Insurance companies can no longer deny people coverage because of pre-existing conditions, Pollack noted. Nor can they charge women higher prices, he said, and parents can keep their children on their employers’ policies until their 26th birthdays.
“The ACA provides the opportunity to finally gain access to high-quality care for millions of people who have been priced out of coverage before,” he said, adding that Cuccinelli risks alienating many of the working class supporters he hopes to win over. Under the ACA, he said, individuals earning $46,000 a year or a household of four with $94,200 in combined annual income qualify for subsidies.
Bob Denton, a Virginia Tech professor specializing in political communications, said a campaign aimed at the health reform law could be effective at shoring up Cuccinelli’s conservative base of support, but questioned its effectiveness beyond that.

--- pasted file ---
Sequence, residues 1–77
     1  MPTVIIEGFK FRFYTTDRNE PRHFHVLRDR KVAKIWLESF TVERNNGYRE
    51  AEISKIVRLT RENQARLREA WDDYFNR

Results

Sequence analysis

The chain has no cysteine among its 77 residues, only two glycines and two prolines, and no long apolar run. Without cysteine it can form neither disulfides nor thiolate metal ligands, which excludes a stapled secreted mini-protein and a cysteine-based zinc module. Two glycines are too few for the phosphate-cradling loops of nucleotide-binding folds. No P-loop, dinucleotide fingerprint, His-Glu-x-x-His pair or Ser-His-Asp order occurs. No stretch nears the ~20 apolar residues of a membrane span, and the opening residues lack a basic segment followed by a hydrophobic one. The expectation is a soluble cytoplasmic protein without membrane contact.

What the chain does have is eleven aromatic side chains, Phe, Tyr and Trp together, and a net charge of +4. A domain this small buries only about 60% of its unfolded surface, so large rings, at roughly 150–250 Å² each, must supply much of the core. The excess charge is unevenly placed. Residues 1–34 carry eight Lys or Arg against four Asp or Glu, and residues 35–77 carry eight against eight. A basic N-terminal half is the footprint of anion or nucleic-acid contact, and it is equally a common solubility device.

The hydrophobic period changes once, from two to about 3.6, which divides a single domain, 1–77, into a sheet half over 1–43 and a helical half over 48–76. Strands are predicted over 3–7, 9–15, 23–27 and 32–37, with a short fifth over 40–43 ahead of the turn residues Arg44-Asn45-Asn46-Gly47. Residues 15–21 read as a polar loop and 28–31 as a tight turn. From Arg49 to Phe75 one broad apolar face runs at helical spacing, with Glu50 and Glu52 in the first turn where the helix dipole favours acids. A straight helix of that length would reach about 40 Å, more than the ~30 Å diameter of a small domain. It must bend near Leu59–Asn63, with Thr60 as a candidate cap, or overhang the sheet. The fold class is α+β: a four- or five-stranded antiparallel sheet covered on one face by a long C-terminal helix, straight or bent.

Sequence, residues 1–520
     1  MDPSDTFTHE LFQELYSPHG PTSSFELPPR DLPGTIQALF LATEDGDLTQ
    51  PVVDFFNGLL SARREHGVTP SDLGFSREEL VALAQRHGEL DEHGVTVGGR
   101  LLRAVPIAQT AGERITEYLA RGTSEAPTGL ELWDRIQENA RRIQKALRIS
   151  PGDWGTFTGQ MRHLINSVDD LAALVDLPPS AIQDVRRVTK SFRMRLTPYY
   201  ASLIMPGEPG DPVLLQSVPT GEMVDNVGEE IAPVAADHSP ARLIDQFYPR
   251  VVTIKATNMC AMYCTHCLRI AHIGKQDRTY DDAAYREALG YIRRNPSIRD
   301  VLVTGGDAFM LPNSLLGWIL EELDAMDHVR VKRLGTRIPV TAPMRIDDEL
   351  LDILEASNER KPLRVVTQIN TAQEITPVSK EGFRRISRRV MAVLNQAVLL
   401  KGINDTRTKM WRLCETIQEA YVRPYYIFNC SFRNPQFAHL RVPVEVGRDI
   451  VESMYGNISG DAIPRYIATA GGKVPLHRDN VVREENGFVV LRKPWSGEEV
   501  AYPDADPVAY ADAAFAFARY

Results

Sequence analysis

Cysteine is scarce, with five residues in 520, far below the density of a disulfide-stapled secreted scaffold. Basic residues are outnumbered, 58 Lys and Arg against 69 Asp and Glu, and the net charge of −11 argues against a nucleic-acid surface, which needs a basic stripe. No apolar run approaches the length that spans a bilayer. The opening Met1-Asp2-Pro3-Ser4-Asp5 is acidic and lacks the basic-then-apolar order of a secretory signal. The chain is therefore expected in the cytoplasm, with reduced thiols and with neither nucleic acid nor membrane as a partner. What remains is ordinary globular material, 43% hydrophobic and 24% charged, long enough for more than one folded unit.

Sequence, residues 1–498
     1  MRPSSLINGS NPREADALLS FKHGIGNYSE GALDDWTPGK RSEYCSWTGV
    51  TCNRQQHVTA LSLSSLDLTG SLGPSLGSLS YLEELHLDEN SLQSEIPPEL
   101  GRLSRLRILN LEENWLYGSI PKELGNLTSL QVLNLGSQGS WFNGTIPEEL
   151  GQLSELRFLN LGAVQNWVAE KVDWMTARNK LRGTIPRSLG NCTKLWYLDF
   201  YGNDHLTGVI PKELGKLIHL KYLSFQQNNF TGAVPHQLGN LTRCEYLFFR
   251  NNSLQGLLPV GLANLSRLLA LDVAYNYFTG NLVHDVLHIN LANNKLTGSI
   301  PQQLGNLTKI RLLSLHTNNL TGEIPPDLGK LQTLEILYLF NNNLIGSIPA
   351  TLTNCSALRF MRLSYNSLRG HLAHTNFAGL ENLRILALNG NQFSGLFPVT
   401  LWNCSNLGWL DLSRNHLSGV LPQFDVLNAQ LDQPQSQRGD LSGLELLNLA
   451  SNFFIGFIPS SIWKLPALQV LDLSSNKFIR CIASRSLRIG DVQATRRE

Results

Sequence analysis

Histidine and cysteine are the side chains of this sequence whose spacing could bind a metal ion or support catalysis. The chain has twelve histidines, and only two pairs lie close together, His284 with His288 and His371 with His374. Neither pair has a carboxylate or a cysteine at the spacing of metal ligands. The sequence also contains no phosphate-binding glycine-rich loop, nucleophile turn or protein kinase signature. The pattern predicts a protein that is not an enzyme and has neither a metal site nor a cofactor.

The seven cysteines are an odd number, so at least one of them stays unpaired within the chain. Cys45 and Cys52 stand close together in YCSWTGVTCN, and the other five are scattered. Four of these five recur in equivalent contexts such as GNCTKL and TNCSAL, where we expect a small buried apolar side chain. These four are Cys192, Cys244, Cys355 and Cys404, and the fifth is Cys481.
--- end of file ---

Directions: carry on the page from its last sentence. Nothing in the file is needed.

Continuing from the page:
“It could activate his base voters who’ve said, ‘Well, I’m not too sure about him,’ and prove his bona fides, but I’m not sure it’s going to help him get the independents, the women or the youth vote,” Denton said. “One of the problems I see is linking Obamacare to McAuliffe. If McAuliffe’s elected, he’s going to be governor. He’s not going to be in Congress.”
McAuliffe defends his position as a pragmatic one, noting that the federal government is obligated to fully pay for the first three years of expanding Medicaid to as many as 400,000 Virginia working poor. That Cuccinelli would deny Virginia the federal money and break with Republican governors in Ohio, Arizona and Florida who have approved Medicaid expansion “shows just how far outside the mainstream Cuccinelli is,” said McAuliffe spokesman Josh Schwerin.
For Cuccinelli, however, his strategy is clear and he’s comfortable with it.
“At the end of the day, people are going to pay more for health care, it represents a monumental tax increase, it’s a huge drain on jobs when employees are being cut back to 28 hours a week. The horror stories don’t end with just the opening of the exchanges,” LaCivita said.